How many different R groups and amino acids are there?
How can you tell if an amino acid is charged?
If there is a + or a - in the R group
How can you tell if an amino acid is hydrophilic?
If the molecule is charged
If the molecule has a polar covalent bond OH SH NH (H2O soluble)
How can you tell if an amino acid is hydrophobic?
Does not have a polar covalent bond of OH SH NH
What are the bonds between amino acids, and what are many amino acids called?
What is a functional protein?
A folded up polypeptide
What are the four levels of protein structure?
What is a protein primary structure?
The linear sequence of amino acids
What is a protein secondary structure and what are the types?
Local folding of the linear sequence of amino acids
Alpha helix bonding: swirly
Beta Pleated sheet: folding in half, zig zag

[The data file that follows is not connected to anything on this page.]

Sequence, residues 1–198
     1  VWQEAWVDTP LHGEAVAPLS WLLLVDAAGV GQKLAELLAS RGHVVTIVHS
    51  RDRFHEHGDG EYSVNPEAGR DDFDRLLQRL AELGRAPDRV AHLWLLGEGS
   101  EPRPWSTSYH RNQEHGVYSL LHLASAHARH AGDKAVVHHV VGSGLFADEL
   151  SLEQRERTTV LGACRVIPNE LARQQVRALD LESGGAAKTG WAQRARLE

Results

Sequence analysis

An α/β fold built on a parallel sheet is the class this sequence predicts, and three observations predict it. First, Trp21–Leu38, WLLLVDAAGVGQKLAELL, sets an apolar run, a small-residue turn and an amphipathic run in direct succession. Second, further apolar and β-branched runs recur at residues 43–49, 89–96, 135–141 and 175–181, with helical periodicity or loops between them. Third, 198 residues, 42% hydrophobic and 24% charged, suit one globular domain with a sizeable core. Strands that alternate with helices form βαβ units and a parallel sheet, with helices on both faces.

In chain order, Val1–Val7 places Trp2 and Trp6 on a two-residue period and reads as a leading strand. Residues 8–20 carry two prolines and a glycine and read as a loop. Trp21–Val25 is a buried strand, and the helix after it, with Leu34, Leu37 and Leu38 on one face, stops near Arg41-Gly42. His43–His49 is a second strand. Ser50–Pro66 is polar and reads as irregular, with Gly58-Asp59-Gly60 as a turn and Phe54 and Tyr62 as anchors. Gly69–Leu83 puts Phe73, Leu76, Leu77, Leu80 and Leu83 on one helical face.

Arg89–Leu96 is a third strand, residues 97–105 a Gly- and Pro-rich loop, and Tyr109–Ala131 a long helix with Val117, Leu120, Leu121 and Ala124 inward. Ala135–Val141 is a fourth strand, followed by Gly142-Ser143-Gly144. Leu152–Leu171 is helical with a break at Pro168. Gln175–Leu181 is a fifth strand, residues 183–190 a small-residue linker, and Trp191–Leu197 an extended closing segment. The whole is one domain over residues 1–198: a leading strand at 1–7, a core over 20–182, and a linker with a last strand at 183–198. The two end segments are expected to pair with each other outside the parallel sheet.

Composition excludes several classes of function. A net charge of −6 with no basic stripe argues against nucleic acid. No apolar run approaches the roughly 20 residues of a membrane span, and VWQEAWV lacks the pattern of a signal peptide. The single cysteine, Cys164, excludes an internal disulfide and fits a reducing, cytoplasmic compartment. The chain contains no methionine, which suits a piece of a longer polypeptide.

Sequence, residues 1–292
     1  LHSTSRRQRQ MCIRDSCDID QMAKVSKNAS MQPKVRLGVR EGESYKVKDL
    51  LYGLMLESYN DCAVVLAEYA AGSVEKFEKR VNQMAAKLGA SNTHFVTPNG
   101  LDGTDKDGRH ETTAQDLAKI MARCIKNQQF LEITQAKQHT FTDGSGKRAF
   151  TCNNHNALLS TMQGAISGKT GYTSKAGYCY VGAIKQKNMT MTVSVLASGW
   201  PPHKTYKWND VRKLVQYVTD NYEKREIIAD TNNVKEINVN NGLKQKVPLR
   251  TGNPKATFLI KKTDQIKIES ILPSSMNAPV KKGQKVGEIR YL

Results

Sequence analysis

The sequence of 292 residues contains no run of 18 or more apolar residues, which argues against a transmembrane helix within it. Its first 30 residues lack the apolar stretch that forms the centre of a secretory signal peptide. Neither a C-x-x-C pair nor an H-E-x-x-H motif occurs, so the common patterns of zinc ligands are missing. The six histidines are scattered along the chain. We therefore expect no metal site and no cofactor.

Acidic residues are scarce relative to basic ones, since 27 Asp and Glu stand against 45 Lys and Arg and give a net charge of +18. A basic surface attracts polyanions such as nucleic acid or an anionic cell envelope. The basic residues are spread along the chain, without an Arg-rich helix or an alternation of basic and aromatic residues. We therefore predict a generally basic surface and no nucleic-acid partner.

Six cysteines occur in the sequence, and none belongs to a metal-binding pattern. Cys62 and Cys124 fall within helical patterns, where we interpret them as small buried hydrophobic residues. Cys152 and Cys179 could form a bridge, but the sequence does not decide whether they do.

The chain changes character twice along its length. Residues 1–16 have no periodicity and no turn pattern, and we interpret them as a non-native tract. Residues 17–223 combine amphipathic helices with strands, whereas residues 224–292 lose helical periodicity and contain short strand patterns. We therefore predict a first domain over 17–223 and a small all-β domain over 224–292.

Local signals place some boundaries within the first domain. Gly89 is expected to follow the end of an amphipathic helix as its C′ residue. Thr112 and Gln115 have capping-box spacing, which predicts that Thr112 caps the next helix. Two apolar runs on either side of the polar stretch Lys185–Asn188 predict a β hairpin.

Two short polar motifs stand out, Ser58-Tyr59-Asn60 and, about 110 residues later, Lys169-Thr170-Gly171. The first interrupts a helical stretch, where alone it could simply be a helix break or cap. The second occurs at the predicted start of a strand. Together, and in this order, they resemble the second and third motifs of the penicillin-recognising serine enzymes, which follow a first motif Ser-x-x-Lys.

What is a protein tertiary structure and how does it form?
Held together by hydrogen, ionic, and hydrophobic interactions
Hydrophilic amino acids in outside
Hydrophobic amino acids on inside
Soluble protein with hydrophilic amino acids on outside
hydrophobic amino acids on inside
What is a protein quaternary structure, what are they composed of, and how are they held together?
When two polypeptides are combined
Composed of alpha and beta chains (secondary structure)
Iron hemes hold them together
Characteristics of enzymes and how they work
Enzymes speed of rates of reactions
1. Attach to substrate
2. Break the bond of the substrate
3. Detach from the substrate
When do enzymes not work?
When denaturation happens
Temperature and pH are off
pH scale in brief
0 acidic high in H+ concentration
14 basic high in OH- concentration
Growth, Uses vitamins, cell Membranes, Insulation, Energy soruce, Regulatory function
What are the 3 types of lipids?
Sterols (steroids), Fats and oils, Phospholipids
Lipid sterol structure and function
Four rings attached side to side
Hormone - estrogen, testosterone, cortisol
Membrane structure - cholesterol
What is an apolipoprotein and what is its function?
Cholesterol is hydrophobic
A ring of phospholipids